Hello! This is a note to let the editors of this article know that File:Thomas Cranmer by Gerlach Flicke.jpg will be appearing as picture of the day on January 28, 2013. You can view and edit the POTD blurb at Template:POTD/2013-01-28. If this article needs any attention or maintenance, it would be preferable if that could be done before its appearance on the Main Page so Wikipedia doesn't look bad. :) Thanks! — Crisco 1492 (talk) 23:36, 27 January 2013 (UTC)

Picture of the day
Thomas Cranmer

Thomas Cranmer (1489–1556, depicted in 1545) was a leader of the English Reformation and Archbishop of Canterbury during the reigns of three monarchs. Ascending to power during the reign of Henry VIII, under Edward VI he was able to promote a series of reforms in the Church of England. He was executed for treason under Mary I.

Painting: Gerlach Flicke
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Archdeacon of Taunton[edit]

While working on a new article The Old House, Milverton I came across this source from the BBC and this from the University of Bristol, which say that Cranmer was archdeacon of Taunton and lived in the house - but I'm having trouble narrowing down the dates for this. Can anyone help & should this be included in the article?— Rod talk 21:32, 7 June 2013 (UTC)

This confirms it, but the start date on him holding the office is unknown. Note that the previous officeholder held until 1531, so Cranmer's holding of the office was very brief. I'm not sure it's worth a mention, it was a minor office he held briefly. Ealdgyth - Talk 21:49, 7 June 2013 (UTC)

Vicegerency is not a hyphenated word.[edit]

"Vicegerency" and "vicegerent" should not be spelled with hyphens. Why does the author insist on it?

The Wikipedia article on "Vicegerent" does not spell it that way and yet any attempt to correct the spelling in this article gets immediately reverted.

I can't find any responsible source that hyphenates that word. — Preceding unsigned comment added by (talk) 19:35, 16 February 2014 (UTC)

In re Tag requesting further inline citations[edit]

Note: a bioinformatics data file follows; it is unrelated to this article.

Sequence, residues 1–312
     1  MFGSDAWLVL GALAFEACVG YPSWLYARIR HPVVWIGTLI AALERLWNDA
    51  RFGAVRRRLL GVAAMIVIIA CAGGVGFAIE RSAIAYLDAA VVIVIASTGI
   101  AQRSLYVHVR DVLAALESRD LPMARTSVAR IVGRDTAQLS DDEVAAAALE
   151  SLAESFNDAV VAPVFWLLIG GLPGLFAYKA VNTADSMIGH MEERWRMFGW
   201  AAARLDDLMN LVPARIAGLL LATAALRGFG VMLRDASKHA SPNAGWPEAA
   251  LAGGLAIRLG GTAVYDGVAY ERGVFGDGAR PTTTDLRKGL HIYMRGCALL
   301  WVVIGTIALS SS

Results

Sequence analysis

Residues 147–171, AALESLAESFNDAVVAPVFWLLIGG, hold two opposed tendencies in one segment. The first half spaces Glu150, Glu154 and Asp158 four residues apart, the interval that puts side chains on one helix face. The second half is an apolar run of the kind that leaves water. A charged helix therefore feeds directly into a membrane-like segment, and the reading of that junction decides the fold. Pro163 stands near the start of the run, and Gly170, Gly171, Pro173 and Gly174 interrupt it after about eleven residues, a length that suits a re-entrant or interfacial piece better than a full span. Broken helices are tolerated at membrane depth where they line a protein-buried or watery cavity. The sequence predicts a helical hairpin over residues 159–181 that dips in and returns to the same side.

… see first the Edit summary, and then look at the lack of inline citations in the following—

  • the opening sentences of the opening paragraphs of the "Reforms reversed…" section
  • opening sentences of paragraphs beginning...
  1. "In 1538, the king…"
  2. "In the summer of…"
  3. "Cranmer’s first contact…"
  4. "While Cranmer was…"
  5. "Cranmer was not…"
  6. "The vice-regency brought…"

Etc., etc. Bottom line, the references and work here are exceptional, but the long tracts without inline citation make impossible followup of the material by interested readers, and make scholarly verification (and so confidence in material) somewhat limited. Since, unlike Britannica, article authors here are unknown, our basis in trust comes from the solid nature of the sourcing. Le Prof Leprof 7272 (talk) 07:08, 26 June 2014 (UTC)

The six (of 49!) paragraphs that are sourced to one footnote are not at all excessive. The six paragraphs mentioned above all go to a source with decent number of pages referenced but not so many that it's unreasonable nor difficult to verify. One paragraph distilling down six or eight pages of source material is not excessive. I mean, we could just put the same ref after each sentence and that would make it "look more referenced" but it would be useless work. Ealdgyth - Talk 18:50, 26 June 2014 (UTC)
I agree with Ealdgyth -- the paragraphs in question are indeed sourced to the best scholarly sources available. It is false to say the "authors here are unknown" --MacCulloch, for example, is professor at Oxford and one of the best known scholars of the Reformation in the world. Jasper Ridley was a well-known biographer & his book on Cranmer received very good reviews. Anyone who wants to check can easily get the books in a library. Rjensen (talk) 19:14, 26 June 2014 (UTC)